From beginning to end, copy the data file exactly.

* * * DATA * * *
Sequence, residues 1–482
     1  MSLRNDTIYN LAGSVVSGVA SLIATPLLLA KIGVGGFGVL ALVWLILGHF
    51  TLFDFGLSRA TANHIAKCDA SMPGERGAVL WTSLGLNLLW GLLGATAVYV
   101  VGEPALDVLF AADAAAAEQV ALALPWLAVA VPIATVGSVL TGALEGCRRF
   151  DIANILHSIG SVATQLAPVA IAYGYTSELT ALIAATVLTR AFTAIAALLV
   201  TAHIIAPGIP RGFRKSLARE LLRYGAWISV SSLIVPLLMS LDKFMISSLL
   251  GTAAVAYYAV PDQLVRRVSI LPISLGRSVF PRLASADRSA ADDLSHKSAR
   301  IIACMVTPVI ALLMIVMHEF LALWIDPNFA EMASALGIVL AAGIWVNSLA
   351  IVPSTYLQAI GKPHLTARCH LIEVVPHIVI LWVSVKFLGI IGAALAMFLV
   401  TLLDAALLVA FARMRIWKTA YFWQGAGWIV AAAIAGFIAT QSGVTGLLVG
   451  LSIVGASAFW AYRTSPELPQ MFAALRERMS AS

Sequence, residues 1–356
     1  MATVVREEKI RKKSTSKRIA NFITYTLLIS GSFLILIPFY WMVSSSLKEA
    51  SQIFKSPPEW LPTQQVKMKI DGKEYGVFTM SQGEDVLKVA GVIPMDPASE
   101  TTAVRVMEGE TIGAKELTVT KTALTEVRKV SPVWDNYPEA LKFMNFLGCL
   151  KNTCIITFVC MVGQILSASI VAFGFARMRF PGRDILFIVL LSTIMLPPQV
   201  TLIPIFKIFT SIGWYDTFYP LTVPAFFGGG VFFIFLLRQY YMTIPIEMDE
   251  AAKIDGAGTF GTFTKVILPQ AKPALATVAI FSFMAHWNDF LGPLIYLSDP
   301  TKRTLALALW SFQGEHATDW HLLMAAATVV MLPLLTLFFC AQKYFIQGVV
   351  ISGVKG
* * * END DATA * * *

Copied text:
Sequence, residues 1–482
     1  MSLRNDTIYN LAGSVVSGVA SLIATPLLLA KIGVGGFGVL ALVWLILGHF
    51  TLFDFGLSRA TANHIAKCDA SMPGERGAVL WTSLGLNLLW GLLGATAVYV
   101  VGEPALDVLF AADAAAAEQV ALALPWLAVA VPIATVGSVL TGALEGCRRF
   151  DIANILHSIG SVATQLAPVA IAYGYTSELT ALIAATVLTR AFTAIAALLV
   201  TAHIIAPGIP RGFRKSLARE LLRYGAWISV SSLIVPLLMS LDKFMISSLL
   251  GTAAVAYYAV PDQLVRRVSI LPISLGRSVF PRLASADRSA ADDLSHKSAR
   301  IIACMVTPVI ALLMIVMHEF LALWIDPNFA EMASALGIVL AAGIWVNSLA
   351  IVPSTYLQAI GKPHLTARCH LIEVVPHIVI LWVSVKFLGI IGAALAMFLV
   401  TLLDAALLVA FARMRIWKTA YFWQGAGWIV AAAIAGFIAT QSGVTGLLVG
   451  LSIVGASAFW AYRTSPELPQ MFAALRERMS AS

Sequence, residues 1–356
     1  MATVVREEKI RKKSTSKRIA NFITYTLLIS GSFLILIPFY WMVSSSLKEA
    51  SQIFKSPPEW LPTQQVKMKI DGKEYGVFTM SQGEDVLKVA GVIPMDPASE
   101  TTAVRVMEGE TIGAKELTVT KTALTEVRKV SPVWDNYPEA LKFMNFLGCL
   151  KNTCIITFVC MVGQILSASI VAFGFARMRF PGRDILFIVL LSTIMLPPQV
   201  TLIPIFKIFT SIGWYDTFYP LTVPAFFGGG VFFIFLLRQY YMTIPIEMDE
   251  AAKIDGAGTF GTFTKVILPQ AKPALATVAI FSFMAHWNDF LGPLIYLSDP
   301  TKRTLALALW SFQGEHATDW HLLMAAATVV MLPLLTLFFC AQKYFIQGVV
   351  ISGVKG